Anti-Inflammatory Pre-Treatment to Reduce Mobilization-Induced Liver Inflammation in Mice: Novel Model to Study Liver Injury


Background: Liver surgery requires mobilization of the liver resulting in injury. Mobilization is the predominant cause of hepatocyte damage during liver surgery and jeopardizes post-operative liver function. Previously, mobilization-induced liver injury was found to be associated with inflammation. So far, anti-inflammatory drugs to potentially prevent liver inflammation following liver mobilization were not tested. In this study, we aimed to establish an in vivo mouse model of mobilization-induced liver injury and to evaluate the effect of anti-inflammatory pre-treatment before liver mobilization on liver inflammation. Methods: To develop a mouse model for mobilization-induced liver injury, C57BL/6 mice (n = 8) underwent surgery during which the liver was mobilized by gentle manipulation of the lobes with cotton-wool applicators for 15 minutes. In two control groups, the liver was left alone or was subjected to laparotomy only. An additional group was added that received anti-TNF treatment (Infliximab) 2 days prior to surgery. Liver samples were obtained 2 hours after mobilization and liver inflammation was analyzed by histology and inflammatory gene expression. Results: Gentle liver mobilization resulted in acute liver inflammation as indicated by increased recruitment of inflammatory cells and elevated inflammatory gene expression compared to controls. Infliximab pre-treatment had no effect on the inflammatory response in the liver. Conclusion: Our current model provides an excellent opportunity to study the effects of pre-treatment with anti-inflammatory drugs on mobilization-induced liver inflammation. Further studies are needed to investigate whether anti-inflammatory mediators can be used to prevent liver inflammation.

Share and Cite:

Hendrikx, T. , Piersma, C. , Dhar, D. , Mpabanzi, L. , Schreurs, J. , Malagó, M. , Shiri-Sverdlov, R. and Damink, S. (2015) Anti-Inflammatory Pre-Treatment to Reduce Mobilization-Induced Liver Inflammation in Mice: Novel Model to Study Liver Injury. Modern Research in Inflammation, 4, 1-7. doi: 10.4236/mri.2015.41001.

Conflicts of Interest

The authors declare no conflicts of interest.


[1] Schemmer, P., Bradford, B.U., Bunzendahl, H., Lemasters, J.J. and Thurman, R.G. (2000) Gentle in Situ Liver Manipulation during Organ Harvest Increases Oxygen Consumption in Liver. Transplantation Proceedings, 32, 112.
[2] Schemmer, P., Connor, H.D., Arteel, G.E., et al. (1999) Reperfusion Injury in livers Due to Gentle in Situ Organ Manipulation during Harvest Involves Hypoxia and Free Radicals. The Journal of Pharmacology and Experimental Therapeutics, 290, 235-240.
[3] Schemmer, P., Schoonhoven, R., Swenberg, J.A., Bunzendahl, H. and Thurman, R.G. (1998) Gentle in Situ Liver Manipulation during Organ Harvest Decreases Survival after Rat Liver Transplantation: Role of Kupffer Cells. Transplantation, 65, 1015-1020.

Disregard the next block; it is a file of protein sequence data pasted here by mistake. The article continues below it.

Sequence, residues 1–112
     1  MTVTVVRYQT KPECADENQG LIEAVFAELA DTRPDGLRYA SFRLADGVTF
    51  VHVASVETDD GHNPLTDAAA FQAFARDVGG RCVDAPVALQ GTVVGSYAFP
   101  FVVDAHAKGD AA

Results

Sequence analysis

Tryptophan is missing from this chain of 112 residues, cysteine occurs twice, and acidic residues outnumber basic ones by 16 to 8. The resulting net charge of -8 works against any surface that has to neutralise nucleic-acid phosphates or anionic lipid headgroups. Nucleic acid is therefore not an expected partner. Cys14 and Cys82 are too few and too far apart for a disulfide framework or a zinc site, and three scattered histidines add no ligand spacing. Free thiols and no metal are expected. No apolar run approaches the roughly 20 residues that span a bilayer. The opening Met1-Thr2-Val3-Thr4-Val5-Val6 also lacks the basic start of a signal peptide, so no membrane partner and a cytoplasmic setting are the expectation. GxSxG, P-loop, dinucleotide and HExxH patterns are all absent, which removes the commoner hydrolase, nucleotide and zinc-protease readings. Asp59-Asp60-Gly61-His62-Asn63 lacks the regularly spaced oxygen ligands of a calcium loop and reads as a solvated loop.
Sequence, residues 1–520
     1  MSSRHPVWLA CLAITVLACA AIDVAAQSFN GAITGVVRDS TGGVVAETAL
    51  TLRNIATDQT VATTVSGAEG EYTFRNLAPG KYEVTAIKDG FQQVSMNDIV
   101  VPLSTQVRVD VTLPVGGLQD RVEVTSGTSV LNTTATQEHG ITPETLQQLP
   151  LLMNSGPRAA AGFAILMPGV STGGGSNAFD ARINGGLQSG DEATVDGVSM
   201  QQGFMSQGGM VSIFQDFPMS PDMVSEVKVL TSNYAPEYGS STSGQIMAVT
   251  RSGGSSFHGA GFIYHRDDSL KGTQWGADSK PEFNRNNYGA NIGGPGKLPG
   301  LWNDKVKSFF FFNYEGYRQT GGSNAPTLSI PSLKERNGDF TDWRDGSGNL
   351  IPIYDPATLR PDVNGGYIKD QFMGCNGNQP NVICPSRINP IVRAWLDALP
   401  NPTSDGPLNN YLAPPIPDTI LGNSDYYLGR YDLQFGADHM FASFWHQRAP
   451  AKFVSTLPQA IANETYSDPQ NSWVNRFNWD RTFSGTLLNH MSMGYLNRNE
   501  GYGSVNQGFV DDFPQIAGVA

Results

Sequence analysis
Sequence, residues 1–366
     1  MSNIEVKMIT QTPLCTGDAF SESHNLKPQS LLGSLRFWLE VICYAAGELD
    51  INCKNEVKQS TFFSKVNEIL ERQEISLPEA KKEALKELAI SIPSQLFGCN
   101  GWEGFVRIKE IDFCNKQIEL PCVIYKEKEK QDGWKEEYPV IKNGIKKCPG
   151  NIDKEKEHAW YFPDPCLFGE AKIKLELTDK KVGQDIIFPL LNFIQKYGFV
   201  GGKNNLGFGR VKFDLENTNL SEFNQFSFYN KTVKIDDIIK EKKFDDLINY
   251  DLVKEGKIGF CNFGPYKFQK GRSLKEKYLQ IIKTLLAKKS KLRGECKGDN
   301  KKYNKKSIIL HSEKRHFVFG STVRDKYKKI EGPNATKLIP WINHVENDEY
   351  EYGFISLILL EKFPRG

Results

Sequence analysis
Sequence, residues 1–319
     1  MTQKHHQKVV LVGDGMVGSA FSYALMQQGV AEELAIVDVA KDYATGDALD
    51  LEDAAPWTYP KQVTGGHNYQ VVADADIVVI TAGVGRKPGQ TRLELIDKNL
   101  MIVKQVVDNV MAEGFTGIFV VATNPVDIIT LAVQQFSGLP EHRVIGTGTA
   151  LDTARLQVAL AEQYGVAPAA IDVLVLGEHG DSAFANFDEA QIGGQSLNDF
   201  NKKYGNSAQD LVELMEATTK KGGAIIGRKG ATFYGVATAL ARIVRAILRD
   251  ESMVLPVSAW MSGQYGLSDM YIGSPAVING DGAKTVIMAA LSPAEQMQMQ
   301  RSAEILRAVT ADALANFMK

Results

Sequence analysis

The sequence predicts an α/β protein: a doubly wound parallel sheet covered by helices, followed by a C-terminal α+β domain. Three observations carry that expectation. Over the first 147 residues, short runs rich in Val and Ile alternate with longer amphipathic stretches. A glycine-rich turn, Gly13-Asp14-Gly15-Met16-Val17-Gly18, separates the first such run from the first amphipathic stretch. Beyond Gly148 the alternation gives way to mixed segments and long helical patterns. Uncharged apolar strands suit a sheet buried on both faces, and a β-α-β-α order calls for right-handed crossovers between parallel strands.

[4] Van Den Broek, M.A., Shiri-Sverdlov, R., Schreurs, J.J., et al. (2013) Liver Manipulation during Liver Surgery in Humans is Associated with Hepatocellular Damage and Hepatic Inflammation. Liver International: Official Journal of the International Association for the Study of the Liver, 33, 633-641.
[5] Van de Poll, M.C., Derikx, J.P., Buurman, W.A., et al. (2007) Liver Manipulation Causes Hepatocyte Injury and Precedes Systemic Inflammation in Patients Undergoing Liver Resection. World Journal of Surgery, 31, 2033-2038.
[6] Liaskou, E., Wilson, D.V. and Oo, Y.H. (2012) Innate Immune Cells in Liver Inflammation. Mediators of inflammation, 2012, Article ID: 949157.
[7] Schemmer, P., Enomoto, N., Bradford, B.U., et al. (2001) Activated Kupffer Cells Cause a Hypermetabolic State after Gentle in Situ Manipulation of Liver in Rats. American Journal of Physiology Gastrointestinal and Liver Physiology, 280, G1076-G1082.
[8] Ebert, E.C. (2009) Infliximab and the TNF-Alpha System. American Journal of Physiology Gastrointestinal and Liver Physiology, 296, G612-G620.
[9] Hendrikx, T., Jeurissen, M.L., Bieghs, V., et al. (2015) Hematopoietic Overexpression of Cyp27a1 Reduces Hepatic Inflammation Independently of 27-Hydroxycholesterol Levels in Ldlr(-/-) Mice. Journal of Hepatology, 62, 430-436.
[10] (2012) An Inflammatory Assemblage. Nature Immunology, 13, 320.
[11] Parekh, R. and Kaur, N. (2014) Liver Injury Secondary to Anti-TNF-Alpha Therapy in Inflammatory Bowel Disease: A Case Series and Review of the Literature. Case Reports in Gastrointestinal Medicine, 2014, Article ID: 956463.
[12] Ebert, E.C., Das, K.M., Mehta, V. and Rezac, C. (2008) Non-Response to Infliximab May Be Due to Innate Neutralizing Anti-Tumour Necrosis Factor-Alpha Antibodies. Clinical and Experimental Immunology, 154, 325-31.
[13] Rajamaki, K., Lappalainen, J., Oorni, K., et al. (2010) Cholesterol Crystals Activate the NLRP3 Inflammasome in Human Macrophages: A Novel Link between Cholesterol Metabolism and Inflammation. PloS One, 5, Article ID: e11765.
[14] Samstad, E.O., Niyonzima, N., Nymo, S., et al. (2014) Cholesterol Crystals Induce Complement-Dependent Inflammasome Activation and Cytokine Release. Journal of Immunology, 192, 2837-2845.

Copyright © 2020 by authors and Scientific Research Publishing Inc.

Creative Commons License

This work and the related PDF file are licensed under a Creative Commons Attribution 4.0 International License.